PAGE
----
In the Boston Archdiocese, McCaffrey said parishioners offered O'Malley a solution to keep parishes open — let parishioners run the parishes and have fewer priests serve more parishes, much in the same way a firehouse may serve multiple neighborhoods. He said O'Malley has since adopted that model, but rejected it at the time St. James parishioners and others presented it.

Fr. Paul Soper, secretary for evangelization and discipleship as well as director of pastoral planning for the Boston Archdiocese, said that in 2004 the archdiocese didn't have enough personnel to staff all of its parishes. He noted, "There's nothing in the [new Vatican] document that said it is retroactive."

He added that the archdiocese in 2011 embarked on an 11-year plan that included having one pastor for multiple parishes. That plan wouldn't have been possible, he said, if the restructuring hadn't taken place, because without the parish closures, the archdiocese would have faced an "emergency" situation and wouldn't have been able to take the gradual approach of the 11-year plan.

The new Vatican document encourages parishes to find ways to keep churches open such as having a "grouping of parishes" in an area and outlines situations where one priest may be responsible for such a grouping.

The scenario of covering multiple parishes with one priest is a familiar one in the Helena Diocese, which covers the western third of Montana, an area of 52,000 square miles, which is almost the size of the entire state of New York.

The diocese has 57 parishes and 38 mission churches and 79 priests, including retired priests, Fleming said. Priests often travel great distances to ensure that Mass is celebrated at every parish or mission at least once every weekend, he noted.

The Cathedral of St. Helena in the Diocese of Helena, Montana (Wikimedia Commons/Lee Zurligen)

The Cathedral of St. Helena in the Diocese of Helena, Montana (Wikimedia Commons/Lee Zurligen)

Fleming himself is based in Helena, the seat of the diocese, and every Sunday, he travels 120 miles roundtrip to offer two Masses — one at St. Thomas the Apostle Parish in rural Helmville, 60 miles west of Helena, and another at St. Thomas the Apostle's mission church, St. Jude the Apostle in Lincoln. Fleming is the administrator of the parish, and he said laypeople take care of the churches during the week.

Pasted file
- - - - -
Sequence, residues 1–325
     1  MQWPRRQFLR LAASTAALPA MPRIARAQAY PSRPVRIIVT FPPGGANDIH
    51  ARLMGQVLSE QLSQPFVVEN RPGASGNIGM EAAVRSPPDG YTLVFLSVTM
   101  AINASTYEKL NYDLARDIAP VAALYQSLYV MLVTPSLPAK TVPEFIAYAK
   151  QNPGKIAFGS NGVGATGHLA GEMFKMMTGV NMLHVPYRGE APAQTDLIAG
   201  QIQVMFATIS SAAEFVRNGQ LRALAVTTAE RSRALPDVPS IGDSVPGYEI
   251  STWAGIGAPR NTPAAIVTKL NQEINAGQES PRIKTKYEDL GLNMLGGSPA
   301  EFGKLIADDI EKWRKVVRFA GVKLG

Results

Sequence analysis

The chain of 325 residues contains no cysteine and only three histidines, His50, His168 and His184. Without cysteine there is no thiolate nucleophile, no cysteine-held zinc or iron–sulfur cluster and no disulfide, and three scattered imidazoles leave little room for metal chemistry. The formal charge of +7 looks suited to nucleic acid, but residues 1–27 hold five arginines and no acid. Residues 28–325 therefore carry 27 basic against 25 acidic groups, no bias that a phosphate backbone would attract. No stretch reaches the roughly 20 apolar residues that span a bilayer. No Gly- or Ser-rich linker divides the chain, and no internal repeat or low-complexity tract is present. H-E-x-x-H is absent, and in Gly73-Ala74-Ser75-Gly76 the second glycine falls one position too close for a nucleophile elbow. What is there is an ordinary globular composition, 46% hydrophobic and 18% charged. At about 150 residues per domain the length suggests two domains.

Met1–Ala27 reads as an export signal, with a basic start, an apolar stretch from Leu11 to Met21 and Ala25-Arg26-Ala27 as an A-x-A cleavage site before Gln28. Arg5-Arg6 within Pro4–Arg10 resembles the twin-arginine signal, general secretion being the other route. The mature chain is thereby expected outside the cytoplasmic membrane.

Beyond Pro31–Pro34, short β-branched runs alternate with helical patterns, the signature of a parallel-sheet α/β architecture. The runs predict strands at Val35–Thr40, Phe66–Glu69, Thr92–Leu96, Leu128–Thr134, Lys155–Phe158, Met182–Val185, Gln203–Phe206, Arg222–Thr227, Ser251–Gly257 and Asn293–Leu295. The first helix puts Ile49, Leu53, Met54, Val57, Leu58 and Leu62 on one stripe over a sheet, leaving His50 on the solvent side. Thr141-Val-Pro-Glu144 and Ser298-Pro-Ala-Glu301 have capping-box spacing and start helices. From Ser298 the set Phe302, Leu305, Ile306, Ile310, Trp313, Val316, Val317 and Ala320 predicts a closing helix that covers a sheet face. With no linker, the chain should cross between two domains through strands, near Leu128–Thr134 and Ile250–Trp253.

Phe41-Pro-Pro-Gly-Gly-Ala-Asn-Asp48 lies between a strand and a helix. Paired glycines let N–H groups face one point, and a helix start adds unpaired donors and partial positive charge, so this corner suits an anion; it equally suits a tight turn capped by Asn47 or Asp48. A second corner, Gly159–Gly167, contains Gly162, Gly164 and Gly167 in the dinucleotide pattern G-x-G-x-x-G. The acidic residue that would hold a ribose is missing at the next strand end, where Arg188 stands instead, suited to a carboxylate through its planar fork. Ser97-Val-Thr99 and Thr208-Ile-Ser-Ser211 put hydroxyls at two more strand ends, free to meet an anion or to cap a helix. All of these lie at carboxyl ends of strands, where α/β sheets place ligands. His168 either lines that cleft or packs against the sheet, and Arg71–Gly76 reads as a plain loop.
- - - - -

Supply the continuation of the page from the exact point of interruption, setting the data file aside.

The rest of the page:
Previously, Fleming served at four parishes concurrently in Missoula, an assignment that included serving as the Catholic chaplain for the University of Montana.

Without being onsite himself, Fleming relies on laypeople to take care of the day-to-day operations of a parish and to be the "eyes and ears of the parish," so that he knows what is happening.

That is, he said, what the new Vatican instructions encourage — the broad participation in parish life by all, not just a priest.

For some, though, the new Vatican instructions don't go far enough in handing the reins of a parish to the laity.

The document says a pastor may be responsible for more than one parish only when that is necessary. Alternatively, a group of priests may be responsible for more than one parish.

When a diocese faces a shortage of priests, it may appoint a priest to be an administrator of a parish, but that should be a temporary state, the instructions say.

A layperson can be appointed administrator only in "extraordinary" circumstances, the document says, adding that in such cases a deacon would be "preferable" to a layperson or consecrated man or woman.

"I read it as just pretty more of the same," McCaffrey said of the instructions. "They're handing out what I could call an HR policy of a large corporation, saying, 'Hey, the priest is the boss, don't forget it. ...

"This simply is the Vatican reiterating an established policy that has been on the books for a while, but in a response to more frequent requests to understand why parishes are being closed, they are reissuing this policy document," he added.

"At the end of the day, it's a rejection of more lay participation in parish running, in parish planning, in parish administration. The basic message is, 'The priest is the boss, and you guys aren't going to be able to take over some of his roles.' "

But Cardinal Beniamino Stella, prefect of the Vatican's Congregation for Clergy, told Vatican Insider that the document shows that every Catholic should feel he or she has a role and responsibility in the church's mission to evangelize.

Fleming said that the document stresses that every member of a parish is called to be a "witness of Christ, a light to the world."

"Pope Francis is calling us to be a church that looks outwardly, not just inside the church itself," Fleming said. "To bring more people to the table, especially the poor and marginalized."

[Mark Nacinovich, a New York-based writer and editor, was formerly managing editor of the Brooklyn Tablet and has also written and edited for Catholic New York and the New York Post. He is a graduate of the University of Chicago.]

A version of this story appeared in the Aug 21-Sept 3, 2020 print issue under the headline: Vatican instructions may protect some parishes from closing.